Germany is embroiled in a controversy over a monumental Nazi-era holiday resort on the German island of Ruegen that is to be opened to holidaymakers for the first time.
The giant complex of hotels in the Prora resort on the country’s biggest island in the Baltic Sea was designed to house 20,000 tourists as part of Adolf Hitler’s Strength Through Joy program to keep the German nation healthy.
The construction of the mammoth project began in 1936 but was abandoned in 1943 due to the war, and the five six-storey concrete buildings on Ruegen’s beautiful sandy beach were never opened to the public.
Now, the local government has teamed up with an investor group to initiate a 100,000-euro-makeover of the decaying complex and turn it into a modern holiday resort.
The announcement, which follows years of debates, has sparked controversy, with critics accusing the government of neglecting its responsibility by giving the property to private investors.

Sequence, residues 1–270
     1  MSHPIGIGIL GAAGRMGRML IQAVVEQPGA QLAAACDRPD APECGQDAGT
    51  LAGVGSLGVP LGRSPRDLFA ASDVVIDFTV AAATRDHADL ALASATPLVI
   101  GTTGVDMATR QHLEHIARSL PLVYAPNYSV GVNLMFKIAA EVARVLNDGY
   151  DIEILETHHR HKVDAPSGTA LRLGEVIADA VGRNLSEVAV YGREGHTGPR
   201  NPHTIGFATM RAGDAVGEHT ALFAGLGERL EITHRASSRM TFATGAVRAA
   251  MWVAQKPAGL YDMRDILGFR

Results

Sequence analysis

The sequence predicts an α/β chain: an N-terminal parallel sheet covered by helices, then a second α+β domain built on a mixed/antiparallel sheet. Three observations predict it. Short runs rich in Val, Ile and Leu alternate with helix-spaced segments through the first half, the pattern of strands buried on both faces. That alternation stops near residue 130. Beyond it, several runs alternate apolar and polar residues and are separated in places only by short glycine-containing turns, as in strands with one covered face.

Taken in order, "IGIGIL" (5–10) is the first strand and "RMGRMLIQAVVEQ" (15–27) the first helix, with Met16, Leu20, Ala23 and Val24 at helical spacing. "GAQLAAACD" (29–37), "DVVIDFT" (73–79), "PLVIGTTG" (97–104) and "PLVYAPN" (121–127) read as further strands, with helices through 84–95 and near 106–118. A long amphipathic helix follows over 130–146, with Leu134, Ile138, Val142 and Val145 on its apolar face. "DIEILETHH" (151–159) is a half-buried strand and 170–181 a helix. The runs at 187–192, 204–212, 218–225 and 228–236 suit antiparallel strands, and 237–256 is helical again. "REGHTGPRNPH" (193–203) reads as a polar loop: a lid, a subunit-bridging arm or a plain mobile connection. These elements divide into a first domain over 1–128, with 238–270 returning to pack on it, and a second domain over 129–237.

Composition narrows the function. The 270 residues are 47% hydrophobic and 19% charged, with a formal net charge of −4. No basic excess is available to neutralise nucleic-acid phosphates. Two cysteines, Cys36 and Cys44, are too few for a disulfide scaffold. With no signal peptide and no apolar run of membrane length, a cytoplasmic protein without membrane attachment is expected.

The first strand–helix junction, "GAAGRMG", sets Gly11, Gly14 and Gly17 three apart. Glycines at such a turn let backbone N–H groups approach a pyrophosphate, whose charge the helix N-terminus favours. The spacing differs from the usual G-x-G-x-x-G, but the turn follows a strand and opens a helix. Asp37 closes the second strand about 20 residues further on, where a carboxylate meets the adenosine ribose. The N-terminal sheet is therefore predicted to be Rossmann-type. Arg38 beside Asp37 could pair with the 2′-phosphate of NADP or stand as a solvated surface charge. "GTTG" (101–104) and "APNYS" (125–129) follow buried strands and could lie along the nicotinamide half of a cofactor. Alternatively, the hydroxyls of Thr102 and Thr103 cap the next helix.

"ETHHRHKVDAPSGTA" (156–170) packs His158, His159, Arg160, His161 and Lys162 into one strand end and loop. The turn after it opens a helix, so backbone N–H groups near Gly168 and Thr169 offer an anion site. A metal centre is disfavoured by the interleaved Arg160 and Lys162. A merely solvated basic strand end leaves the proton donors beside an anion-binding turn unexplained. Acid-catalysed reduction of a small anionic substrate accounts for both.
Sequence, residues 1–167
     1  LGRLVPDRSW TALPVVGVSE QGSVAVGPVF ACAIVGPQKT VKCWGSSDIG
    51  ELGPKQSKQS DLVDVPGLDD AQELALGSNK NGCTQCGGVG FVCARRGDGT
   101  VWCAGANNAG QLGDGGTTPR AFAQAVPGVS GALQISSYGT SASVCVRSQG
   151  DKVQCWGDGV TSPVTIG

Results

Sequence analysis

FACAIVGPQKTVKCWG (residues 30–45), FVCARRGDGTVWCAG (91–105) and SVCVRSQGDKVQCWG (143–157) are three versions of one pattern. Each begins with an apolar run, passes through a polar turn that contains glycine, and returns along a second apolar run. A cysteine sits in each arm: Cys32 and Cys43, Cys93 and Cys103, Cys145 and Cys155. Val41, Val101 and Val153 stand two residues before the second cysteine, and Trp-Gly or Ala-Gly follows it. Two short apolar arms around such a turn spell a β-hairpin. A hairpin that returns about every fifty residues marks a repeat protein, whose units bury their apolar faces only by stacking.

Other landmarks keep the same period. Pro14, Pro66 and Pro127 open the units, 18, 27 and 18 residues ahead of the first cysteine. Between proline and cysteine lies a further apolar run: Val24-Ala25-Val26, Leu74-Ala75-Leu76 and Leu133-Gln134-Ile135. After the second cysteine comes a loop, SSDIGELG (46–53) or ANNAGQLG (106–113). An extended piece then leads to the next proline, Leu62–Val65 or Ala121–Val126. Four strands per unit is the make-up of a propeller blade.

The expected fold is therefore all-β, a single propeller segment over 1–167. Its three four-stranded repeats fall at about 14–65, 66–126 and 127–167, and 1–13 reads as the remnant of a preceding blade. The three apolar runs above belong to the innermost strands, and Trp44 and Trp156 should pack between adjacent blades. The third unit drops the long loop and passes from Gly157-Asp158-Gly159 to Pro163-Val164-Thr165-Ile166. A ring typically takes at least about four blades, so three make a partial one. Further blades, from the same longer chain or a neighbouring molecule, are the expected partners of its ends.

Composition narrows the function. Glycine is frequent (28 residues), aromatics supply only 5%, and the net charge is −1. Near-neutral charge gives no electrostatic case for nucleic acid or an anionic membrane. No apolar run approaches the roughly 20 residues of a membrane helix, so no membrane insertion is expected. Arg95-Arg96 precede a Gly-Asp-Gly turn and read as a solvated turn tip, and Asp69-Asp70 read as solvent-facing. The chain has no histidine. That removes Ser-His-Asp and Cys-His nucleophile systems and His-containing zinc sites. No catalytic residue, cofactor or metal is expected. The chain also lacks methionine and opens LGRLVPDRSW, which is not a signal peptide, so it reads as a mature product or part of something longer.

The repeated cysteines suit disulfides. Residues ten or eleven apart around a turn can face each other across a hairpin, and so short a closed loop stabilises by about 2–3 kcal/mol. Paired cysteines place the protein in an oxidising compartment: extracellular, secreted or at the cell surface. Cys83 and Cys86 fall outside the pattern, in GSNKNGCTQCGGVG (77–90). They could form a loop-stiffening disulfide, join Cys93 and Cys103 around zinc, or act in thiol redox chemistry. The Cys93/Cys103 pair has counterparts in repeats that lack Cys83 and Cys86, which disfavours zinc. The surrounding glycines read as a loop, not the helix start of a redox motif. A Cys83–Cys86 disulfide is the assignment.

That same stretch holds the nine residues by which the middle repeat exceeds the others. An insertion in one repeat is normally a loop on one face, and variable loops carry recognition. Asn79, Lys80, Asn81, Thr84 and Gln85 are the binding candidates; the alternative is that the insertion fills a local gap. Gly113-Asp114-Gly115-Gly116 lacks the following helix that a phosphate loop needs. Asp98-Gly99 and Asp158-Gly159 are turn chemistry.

Juergen Rostock, chairman of the foundation New Culture that promotes ethics in dealing with historic monuments, deemed the project “scandalous” as it aimed at organising entertainment at a historic site.
“Prora stands for a perfidious social policy with which the Nazis intended to bring the entire population into line. Organising entertainment there is what the ‘Strength Through Joy’ program envisaged,” Mr Rostock said.